The Time She Left New York: France

Cows...cows everywhere. In a country known for their cheese and the etymology of the word ‘pasteur’, I’m not sure why I was surprised by the amount of cattle. If you’ve ever taken a road trip in a rural or an area with farm land, chances are that someone in the car said,  “cows” or “horses”. Imagine saying that but every 5 minutes. One does, however, have to keep up with the cheese-demand.

I could tell that everything was fresher here. The bread especially. I was never bloated, I’m sure you were wondering. I never, ever had a stomach ache or anything. My friends from outside of the U.S. would often say how sweet our bread was here in America. Tasting the difference now, I realize that it isn’t necessarily sweetness but the taste of a true recipe and the craft baking. There was heart but routine and authenticity but speed. For the bakers, this was their job, not just a paycheck.

Restaurants will be open only at certain times for meals. It’s common that you’d see restaurants open 9a-2p but closed until 7p after that.There are few reasons for this. So many restaurants are small, family owned which means there’s limited staff and minimum wage in France is amongst the highest in the world. With stricter and shorter hours, that means less outgoing payments.

We noticed when were dining out, the service was wonderful yet remarkably slow. Meals in Europe are an occasion or an event. This might be old news to many of us but you know how I love reminders. Taking your time is a privilege that is hard to acquire but it is achievable.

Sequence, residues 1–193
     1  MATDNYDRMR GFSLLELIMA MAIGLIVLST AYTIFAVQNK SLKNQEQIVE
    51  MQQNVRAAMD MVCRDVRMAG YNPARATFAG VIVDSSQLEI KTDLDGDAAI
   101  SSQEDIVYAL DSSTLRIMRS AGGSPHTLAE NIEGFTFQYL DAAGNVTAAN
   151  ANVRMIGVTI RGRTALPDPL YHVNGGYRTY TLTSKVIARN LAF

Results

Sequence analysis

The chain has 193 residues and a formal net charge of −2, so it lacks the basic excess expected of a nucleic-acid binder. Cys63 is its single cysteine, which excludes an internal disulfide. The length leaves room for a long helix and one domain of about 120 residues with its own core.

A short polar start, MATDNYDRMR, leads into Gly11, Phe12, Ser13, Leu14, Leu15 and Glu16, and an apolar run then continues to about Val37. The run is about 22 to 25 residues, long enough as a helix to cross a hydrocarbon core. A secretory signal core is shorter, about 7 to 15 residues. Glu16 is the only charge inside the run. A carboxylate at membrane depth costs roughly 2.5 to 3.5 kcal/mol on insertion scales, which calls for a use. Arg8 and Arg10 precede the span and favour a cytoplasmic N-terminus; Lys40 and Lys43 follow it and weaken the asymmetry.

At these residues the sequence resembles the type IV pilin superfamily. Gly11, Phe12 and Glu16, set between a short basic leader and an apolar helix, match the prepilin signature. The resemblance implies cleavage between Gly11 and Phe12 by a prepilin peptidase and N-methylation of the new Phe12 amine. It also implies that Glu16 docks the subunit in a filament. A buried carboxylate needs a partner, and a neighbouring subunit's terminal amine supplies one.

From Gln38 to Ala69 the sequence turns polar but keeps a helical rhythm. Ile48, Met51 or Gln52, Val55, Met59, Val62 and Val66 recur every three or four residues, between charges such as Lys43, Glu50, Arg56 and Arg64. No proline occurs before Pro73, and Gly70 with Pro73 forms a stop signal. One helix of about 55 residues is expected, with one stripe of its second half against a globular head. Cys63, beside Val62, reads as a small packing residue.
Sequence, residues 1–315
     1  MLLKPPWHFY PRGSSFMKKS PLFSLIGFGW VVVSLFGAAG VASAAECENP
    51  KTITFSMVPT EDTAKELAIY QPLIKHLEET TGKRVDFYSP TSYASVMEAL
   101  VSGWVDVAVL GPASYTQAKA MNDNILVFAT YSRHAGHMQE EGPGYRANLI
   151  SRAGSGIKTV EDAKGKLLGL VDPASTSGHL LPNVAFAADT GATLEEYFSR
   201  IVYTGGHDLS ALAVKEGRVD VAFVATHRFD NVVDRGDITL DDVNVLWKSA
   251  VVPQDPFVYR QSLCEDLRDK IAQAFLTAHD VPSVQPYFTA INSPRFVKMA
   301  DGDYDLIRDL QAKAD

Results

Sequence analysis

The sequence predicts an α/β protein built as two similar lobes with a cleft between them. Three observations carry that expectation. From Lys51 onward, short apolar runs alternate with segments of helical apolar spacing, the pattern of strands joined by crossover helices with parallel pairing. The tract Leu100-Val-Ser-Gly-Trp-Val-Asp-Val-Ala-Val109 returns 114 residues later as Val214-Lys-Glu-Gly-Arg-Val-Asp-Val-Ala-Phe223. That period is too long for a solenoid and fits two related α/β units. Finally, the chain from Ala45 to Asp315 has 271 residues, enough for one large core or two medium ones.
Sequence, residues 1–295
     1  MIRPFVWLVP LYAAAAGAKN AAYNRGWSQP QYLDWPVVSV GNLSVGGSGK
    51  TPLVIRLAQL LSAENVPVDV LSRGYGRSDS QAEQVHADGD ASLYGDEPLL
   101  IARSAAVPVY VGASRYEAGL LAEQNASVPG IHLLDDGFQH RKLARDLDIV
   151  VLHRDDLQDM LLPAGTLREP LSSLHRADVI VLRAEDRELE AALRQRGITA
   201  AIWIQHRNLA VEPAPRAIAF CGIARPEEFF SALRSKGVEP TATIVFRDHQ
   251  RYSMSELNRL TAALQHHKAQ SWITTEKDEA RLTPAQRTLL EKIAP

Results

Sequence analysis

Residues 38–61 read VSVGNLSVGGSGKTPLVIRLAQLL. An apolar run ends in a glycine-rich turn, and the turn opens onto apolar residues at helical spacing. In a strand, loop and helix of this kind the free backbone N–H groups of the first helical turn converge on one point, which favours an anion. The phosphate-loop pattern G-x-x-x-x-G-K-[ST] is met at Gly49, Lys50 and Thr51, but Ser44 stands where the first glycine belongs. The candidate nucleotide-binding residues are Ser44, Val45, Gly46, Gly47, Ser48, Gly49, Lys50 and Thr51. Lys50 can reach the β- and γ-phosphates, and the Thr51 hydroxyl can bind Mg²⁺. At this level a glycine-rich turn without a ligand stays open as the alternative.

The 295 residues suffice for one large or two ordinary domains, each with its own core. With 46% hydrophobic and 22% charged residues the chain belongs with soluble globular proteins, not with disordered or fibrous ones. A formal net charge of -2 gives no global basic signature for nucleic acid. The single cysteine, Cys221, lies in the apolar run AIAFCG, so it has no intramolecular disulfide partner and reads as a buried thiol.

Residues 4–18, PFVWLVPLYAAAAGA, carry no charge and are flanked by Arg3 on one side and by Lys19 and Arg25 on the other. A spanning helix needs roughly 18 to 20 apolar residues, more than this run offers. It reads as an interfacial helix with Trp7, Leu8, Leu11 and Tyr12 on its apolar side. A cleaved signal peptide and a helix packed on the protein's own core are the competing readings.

The Food

The People

Paris & Co

We took an Uber from CDG Airport into Paris which is about a 45 minute drive. Once we got into the city, I was shocked. I didn’t expect it to be so consistently pretty. New York is pretty in places like the west village but then there’s also 8th avenue with an ‘I LOVE NY’ gift shop on every corner. Which gives me anxiety thinking about it. Paris, however, I was speechless. It was all spectacular.

 

Pointe du Hoc & Normandy Beaches

“History is present” is what my mom kept saying as we walked around. The French are so proud and impressed by their culture, they display it on their buildings, in their art, their attitude and their menus. Their pride doesn’t waiver and it was never obnoxious.

You'll notice the German graves towards the end of the gallery. While we were on our way to the German cemetery, we weren't sure what to expect. But we kept thinking, "they had to be buried somewhere". Another thought was, the soldiers buried here were not all Nazi's. Some Germans lived in France and died and had nothing to do with the Third Reich.

Almost 75 years after D-Day, I'm still somewhat associating German's with Nazi's. It's inaccurate and it's unfair. It's like equating all Muslims to ISIS or Al Qaeda. 

It is, however, just as horrifying that history seems to be headed for a repeat. One that, I hope to God, we have learned from. There were 6+ million lessons we need to learn from. Maybe not 'we' but our elected officials. I didn't think I would ever have to see similar things to what my grandfather fought against, in my own country, so many decades after we beat the evil we thought would never rise again. 

 

One of the more common cliches we hear is; “In your twenties, you should travel!”. I felt that because I had moved to New York, a melting pot of culture, I didn’t need to travel. After this trip, YES! I absolutely need to travel. I realized this because of one thing I noticed here that I have never truly seen anywhere else; how the French take their time. They have two hour lunches and soak up the sun or cozy up when it’s raining. They do not wait to live. They don’t wait until they’re higher up at a company to live, they don’t wait until they retire, they are present, they are in the moment, in every moment. They may not smile at Americans (they think smiling at strangers is superficial...understandable) but they are using the time they save not smiling at strangers, very wisley.